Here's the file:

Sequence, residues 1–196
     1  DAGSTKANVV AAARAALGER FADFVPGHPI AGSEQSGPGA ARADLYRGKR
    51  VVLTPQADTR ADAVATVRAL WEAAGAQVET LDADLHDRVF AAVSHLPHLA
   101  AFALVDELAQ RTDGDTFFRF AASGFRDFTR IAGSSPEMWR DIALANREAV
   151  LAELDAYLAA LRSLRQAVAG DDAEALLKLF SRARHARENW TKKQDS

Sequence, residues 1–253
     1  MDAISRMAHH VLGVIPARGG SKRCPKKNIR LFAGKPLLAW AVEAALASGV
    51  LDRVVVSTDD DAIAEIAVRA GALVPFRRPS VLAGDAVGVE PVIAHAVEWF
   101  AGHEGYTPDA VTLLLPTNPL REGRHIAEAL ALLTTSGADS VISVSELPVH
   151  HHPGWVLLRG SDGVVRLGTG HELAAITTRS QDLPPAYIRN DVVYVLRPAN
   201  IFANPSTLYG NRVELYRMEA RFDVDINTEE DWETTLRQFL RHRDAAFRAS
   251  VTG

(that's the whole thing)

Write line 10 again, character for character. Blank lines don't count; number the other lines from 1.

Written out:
   151  HHPGWVLLRG SDGVVRLGTG HELAAITTRS QDLPPAYIRN DVVYVLRPAN